Cost Effectiveness of Memantine in Alzheimer’s Disease
- 351 Downloads
Clinical trials with memantine, an uncompetitive moderate-affinity NMDA antagonist, have shown improved clinical outcomes, increased independence and a trend towards delayed institutionalisation in patients with moderately severe-to-severe Alzheimer’s disease. In a randomised double-blind, placebo-controlled, 28-week study conducted in the US, reductions in resource utilisation and total healthcare costs were noted with memantine relative to placebo. While these findings suggest that, compared with placebo, memantine provides cost savings, further analyses may help to quantify potential economic gains over a longer treatment period.
To evaluate the cost effectiveness of memantine therapy compared with no pharmacological treatment in patients with moderately severe-to-severe Alzheimer’s disease over a 2-year period.
A Markov model was constructed to simulate patient progression through a series of health states related to severity, dependency (determined by patient scores on the Alzheimer’s Disease Cooperative Study-Activities of Daily Living [ADCS-ADL] inventory and residential status (‘institutionalisation’) with a time horizon of 2 years (each 6-month Markov cycle was repeated four times). Transition probabilities from one health state to another 6 months later were mainly derived from a 28-week, randomised, double-blind, placebo-controlled clinical trial. Inputs related to epidemiological and cost data were derived from a UK longitudinal epidemiological study, while data on quality-adjusted life-years (QALYs) were derived from a Danish longitudinal study. To ensure conservative estimates from the model, the base case analysis assumed drug effectiveness was limited to 12 months. Monte Carlo simulations were performed for each state parameter following definition of a priori distributions for the main variables of the model. Sensitivity analyses included worst case scenario in which memantine was effective for 6 months and one-way sensitivity analyses on key parameters. Finally, a subgroup analysis was performed to determine which patients were most likely to benefit from memantine. Informal care was not included in this model as the costs were considered from National Health Service and Personal Social Services perspective.
The base case analysis found that, compared with no treatment, memantine was associated with lower costs and greater clinical effectiveness in terms of years of independence, years in the community and QALYs. Sensitivity analyses supported these findings. For each category of Alzheimer’s disease patient examined, treatment with memantine was a cost-effective strategy. The greatest economic gain of memantine treatment was in independent patients with a Mini-Mental State Examination score of ≥10.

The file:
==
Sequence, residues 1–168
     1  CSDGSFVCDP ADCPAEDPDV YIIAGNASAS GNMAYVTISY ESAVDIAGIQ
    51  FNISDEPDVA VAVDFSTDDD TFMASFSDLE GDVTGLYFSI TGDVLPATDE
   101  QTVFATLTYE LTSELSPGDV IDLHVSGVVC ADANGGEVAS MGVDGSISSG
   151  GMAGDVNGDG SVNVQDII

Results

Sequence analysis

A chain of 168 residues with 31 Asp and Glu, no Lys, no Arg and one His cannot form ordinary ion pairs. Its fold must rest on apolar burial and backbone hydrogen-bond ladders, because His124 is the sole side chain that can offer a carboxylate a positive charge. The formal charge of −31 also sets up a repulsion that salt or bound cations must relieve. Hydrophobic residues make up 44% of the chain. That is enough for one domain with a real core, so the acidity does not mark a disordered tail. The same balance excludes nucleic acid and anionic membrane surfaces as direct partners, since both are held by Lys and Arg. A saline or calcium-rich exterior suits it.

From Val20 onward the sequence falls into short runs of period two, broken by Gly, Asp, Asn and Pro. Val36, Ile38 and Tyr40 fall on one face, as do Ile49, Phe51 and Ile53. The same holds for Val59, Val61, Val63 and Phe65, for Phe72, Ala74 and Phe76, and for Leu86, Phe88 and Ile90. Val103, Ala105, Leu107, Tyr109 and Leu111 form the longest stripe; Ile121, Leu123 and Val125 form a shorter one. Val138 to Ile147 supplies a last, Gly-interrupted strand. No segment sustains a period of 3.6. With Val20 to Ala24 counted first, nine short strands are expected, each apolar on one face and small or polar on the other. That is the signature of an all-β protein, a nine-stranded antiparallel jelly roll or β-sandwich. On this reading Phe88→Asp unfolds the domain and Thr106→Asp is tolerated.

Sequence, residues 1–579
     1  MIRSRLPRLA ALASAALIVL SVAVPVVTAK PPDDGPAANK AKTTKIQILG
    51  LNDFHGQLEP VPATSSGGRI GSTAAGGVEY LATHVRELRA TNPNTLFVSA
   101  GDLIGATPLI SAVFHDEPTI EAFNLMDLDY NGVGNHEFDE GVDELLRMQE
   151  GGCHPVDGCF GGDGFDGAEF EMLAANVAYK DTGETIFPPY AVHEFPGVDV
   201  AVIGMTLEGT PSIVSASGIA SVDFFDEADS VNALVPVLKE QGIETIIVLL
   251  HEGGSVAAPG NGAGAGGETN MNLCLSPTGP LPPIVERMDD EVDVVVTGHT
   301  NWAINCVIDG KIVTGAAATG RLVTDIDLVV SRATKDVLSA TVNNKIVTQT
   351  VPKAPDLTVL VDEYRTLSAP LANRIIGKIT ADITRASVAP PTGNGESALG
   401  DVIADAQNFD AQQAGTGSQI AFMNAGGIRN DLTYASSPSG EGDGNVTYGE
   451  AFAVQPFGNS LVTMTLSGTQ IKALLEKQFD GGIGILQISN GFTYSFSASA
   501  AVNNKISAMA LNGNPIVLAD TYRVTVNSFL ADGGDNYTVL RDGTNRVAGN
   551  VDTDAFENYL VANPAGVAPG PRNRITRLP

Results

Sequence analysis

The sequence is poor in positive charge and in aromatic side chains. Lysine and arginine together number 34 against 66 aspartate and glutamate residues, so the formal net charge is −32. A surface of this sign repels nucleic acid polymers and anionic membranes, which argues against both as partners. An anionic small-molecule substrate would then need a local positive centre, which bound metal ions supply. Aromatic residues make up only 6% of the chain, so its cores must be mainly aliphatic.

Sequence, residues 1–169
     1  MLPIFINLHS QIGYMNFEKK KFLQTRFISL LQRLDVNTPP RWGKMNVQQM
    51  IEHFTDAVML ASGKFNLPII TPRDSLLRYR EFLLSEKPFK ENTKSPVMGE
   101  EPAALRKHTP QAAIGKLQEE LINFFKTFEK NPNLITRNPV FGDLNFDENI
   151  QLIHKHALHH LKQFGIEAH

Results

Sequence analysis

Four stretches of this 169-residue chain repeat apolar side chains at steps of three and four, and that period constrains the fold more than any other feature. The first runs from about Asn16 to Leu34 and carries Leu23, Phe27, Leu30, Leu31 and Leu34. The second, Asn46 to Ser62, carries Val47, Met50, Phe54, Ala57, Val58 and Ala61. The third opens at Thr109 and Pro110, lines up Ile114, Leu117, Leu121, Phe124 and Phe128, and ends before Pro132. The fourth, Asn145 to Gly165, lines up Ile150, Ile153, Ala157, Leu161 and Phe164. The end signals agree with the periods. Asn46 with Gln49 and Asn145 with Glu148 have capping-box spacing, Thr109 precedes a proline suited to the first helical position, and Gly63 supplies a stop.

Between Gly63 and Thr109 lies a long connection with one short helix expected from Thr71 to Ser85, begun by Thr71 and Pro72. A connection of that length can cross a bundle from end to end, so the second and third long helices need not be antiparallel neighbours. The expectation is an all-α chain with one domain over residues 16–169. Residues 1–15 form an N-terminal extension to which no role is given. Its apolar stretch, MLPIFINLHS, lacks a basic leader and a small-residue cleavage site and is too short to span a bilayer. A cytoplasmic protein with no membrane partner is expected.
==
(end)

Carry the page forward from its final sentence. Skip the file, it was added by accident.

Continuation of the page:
This model suggests that memantine treatment is cost effective and provides cost savings compared with no pharmacological treatment. These benefits appear to result from prolonged patient independence and delayed institution-alisation for moderately severe and severe Alzheimer’s disease patients on memantine compared with no pharmacological treatment.
KeywordsMemantine Base Case Analysis Dependency Level Institutionalisation Probability Severe Impairment Battery
The funding for this project was provided by Lundbeck A/S and Merz Pharmaceuticals GmbH.
- 3.Reisberg B, Burns A, Brodaty H, et al. Diagnosis of Alzheimer’s disease: report of an International Psychogeriatric Association Special Meeting Work Group under the co-sponsorship of Alzheimer’s Disease International, the European Federation of Neurological Societies, the World Health Organization and the World Psychiatric Association. Int Psychogeriatr 1997; 9Suppl. 1: 11–38PubMedCrossRefGoogle Scholar
- 16.Souetre EJ, Qing W, Vigoureux I, et al. Economic analysis of Alzheimer’s disease in outpatients: impact of symptom severity. Int Psychogeriatr 1995; 7(1): 15–22Google Scholar
- 19.Michel JP, Zekry D, Mulligan R, et al. Economic considerations of Alzheimer’s disease and related disorders. Aging (Milano) 2001; 13(3): 255–60Google Scholar
- 28.National Institute for Clinical Excellence. Guidance on the use of donepezil, rivastigmine and galantamine for the treatment of Alzheimer’s disease. London: National Institute for Clinical Excellence, 2001 Jan. Technology Appraisal Guidance No. 19Google Scholar
- 36.Reisberg B, Mobius H, Stoffler A, et al. Long-term treatment with the NMDA antagonist memantine: results of a 24-week, open-label extension study in moderately severe to severe Alzheimer’s disease [abstract]. 8th International Conference on Alzheimer’s Disease and Related Disorders; 2000 Jul 20–25; StockholmGoogle Scholar
- 37.Netten A, Curtis L. Unit costs of health and social care 2000. Canterbury: Personal Social Services Research Unit, University of Kent, 2000Google Scholar
- 38.National Institute for Clinical Excellence. Incorporating health economics in guidelines and assessing resource impact. London: Guideline Development Methods: Information for National Collaborating Centres and Guideline Developers. National Institute for Clinical Excellence, 2004Google Scholar
- 43.Canadian Coordinating Office for Health Technology Assessment. Guidelines of economic evaluation of Pharmaceuticals: methods and guidelines. Ottawa (ON): CCOHTA, 1997Google Scholar